By Prof. Raveen Hanwella Doctor: What is it she does now? Look how she rubs her hands. Gentlewoman: It is an accustom’d action with her, to seem thus washing her hands. I have known her continue in this a quarter of an hour. Lady Macbeth: Yet here’s a spot. Out, damn’d spot! out, I say! (Macbeth [...]

The Sunday Times Sri Lanka

Obsessive Compulsive Disorder- The illness of doubts


By Prof. Raveen Hanwella Doctor:
What is it she does now? Look how she rubs her hands.
It is an accustom’d action with her, to seem thus washing her hands. I have known her continue in this a quarter of an hour.
Lady Macbeth:
Yet here’s a spot.
Out, damn’d spot! out, I say!
(Macbeth Act 5, Scene 1)

"Out, damn’d spot! out, I say": Lady Macbeth's scene

In this famous scene from Shakespeare’s Macbeth, Lady Macbeth is sleepwalking in the castle rubbing her hands together as if washing them. The spot she is talking about is the imaginary blood on her hands of Duncan, the King of Scotland, who was murdered by her husband, Macbeth. Compulsive or repetitive hand washing is a hallmark of the condition known as obsessive compulsive disorder. It is also known as the Lady Macbeth syndrome.

Obsessive Compulsive Disorder or OCD is a common mental disorder affecting children, adolescents and adults throughout the world. The onset usually is in children or teenagers but more rarely adults too can get it for the first time. Repetitive hand washing is not the only symptom and there is a wide array of presentation. The central problem is unwanted and unpleasant thoughts, images or urges that repeatedly enter a person’s mind, causing feelings of anxiety, disgust or unease. These thoughts, images or impulses are called obsessions. Persons with OCD also have the need to perform certain actions repeatedly. These rituals are called compulsions. Hence the name obsessive compulsive disorder.

The obsessions are centred on themes. Common obsessional themes include:
Contamination – fear of dirt, germs, cancer, HIV
Checking – worry that a door has been left unlocked
Aggression – fear of accidental harm to self or others
Excessive concern with order or symmetry – clothes have to be worn in a particular order or symmetry or things kept in a specific manner.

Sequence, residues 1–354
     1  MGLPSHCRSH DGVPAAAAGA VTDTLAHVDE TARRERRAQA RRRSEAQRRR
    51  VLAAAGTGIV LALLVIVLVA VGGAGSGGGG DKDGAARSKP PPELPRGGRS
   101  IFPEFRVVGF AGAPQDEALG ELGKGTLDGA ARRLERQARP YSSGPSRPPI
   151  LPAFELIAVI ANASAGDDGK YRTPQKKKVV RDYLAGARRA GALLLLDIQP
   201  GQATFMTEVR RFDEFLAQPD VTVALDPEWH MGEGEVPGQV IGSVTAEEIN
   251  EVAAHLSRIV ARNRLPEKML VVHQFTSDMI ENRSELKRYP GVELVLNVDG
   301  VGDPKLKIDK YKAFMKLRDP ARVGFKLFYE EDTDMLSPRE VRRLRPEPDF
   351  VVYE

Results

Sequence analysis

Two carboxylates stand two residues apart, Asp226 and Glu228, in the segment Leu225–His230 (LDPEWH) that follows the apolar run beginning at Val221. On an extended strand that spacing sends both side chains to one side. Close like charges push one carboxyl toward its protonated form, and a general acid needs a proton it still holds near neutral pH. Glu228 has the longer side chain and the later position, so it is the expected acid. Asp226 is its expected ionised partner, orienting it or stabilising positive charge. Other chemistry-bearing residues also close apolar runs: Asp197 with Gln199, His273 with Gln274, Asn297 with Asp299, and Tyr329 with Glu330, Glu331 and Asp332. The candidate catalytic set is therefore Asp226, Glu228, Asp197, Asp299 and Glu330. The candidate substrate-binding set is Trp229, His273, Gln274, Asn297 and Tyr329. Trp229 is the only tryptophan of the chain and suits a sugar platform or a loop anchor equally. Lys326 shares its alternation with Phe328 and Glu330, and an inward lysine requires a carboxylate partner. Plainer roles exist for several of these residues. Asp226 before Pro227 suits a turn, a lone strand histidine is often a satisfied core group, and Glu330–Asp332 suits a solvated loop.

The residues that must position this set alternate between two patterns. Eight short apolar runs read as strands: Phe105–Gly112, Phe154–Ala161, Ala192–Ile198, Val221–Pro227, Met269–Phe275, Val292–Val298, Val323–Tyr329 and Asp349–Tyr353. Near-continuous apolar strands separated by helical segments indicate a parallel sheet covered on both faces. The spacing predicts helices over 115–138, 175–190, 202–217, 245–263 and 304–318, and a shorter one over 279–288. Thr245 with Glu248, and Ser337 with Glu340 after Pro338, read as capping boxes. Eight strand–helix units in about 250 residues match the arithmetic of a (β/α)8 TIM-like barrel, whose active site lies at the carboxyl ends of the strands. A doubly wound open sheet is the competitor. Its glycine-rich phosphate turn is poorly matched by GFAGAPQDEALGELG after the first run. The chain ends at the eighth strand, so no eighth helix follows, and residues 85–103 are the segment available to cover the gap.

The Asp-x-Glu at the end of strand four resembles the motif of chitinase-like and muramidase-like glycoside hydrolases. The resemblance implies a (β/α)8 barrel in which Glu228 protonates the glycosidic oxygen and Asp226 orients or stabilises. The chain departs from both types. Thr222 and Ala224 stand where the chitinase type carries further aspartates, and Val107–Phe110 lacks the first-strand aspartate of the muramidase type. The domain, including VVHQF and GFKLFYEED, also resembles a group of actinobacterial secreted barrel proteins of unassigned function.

Blasphemous thoughts concerned with religion Sexual thoughts – “I am a homosexual” or “I am a paedophile”
Persons with OCD find these thoughts extremely distressing but are unable to get rid of them easily. This leads to high levels of anxiety or even depression in the long term. Persons with obsessive thoughts engage in certain activities or rituals in a futile effort to reduce their anxiety. These rituals are the compulsive component of OCD. For example a person who fears contamination with germs may wash their hands repeatedly a specified number of times after applying soap in a particular manner.

A patient of mine after returning from work washed all her clothes including the bank notes in her wallet and hung them out to dry. She was compelled to do this even after returning late in the evening. When the clothes and notes were drying on the wash line if a person accidentally touched the items, she had to wash them again. Another patient, while driving his vehicle, had the obsessive thought that he had knocked down a pedestrian. He had the compulsion to go back and check whether there was anybody lying injured on the road. Yet another patient had the distressing thought that she might stab her baby. She locked up all the kitchen knives in a drawer and did not touch a knife if her baby was nearby.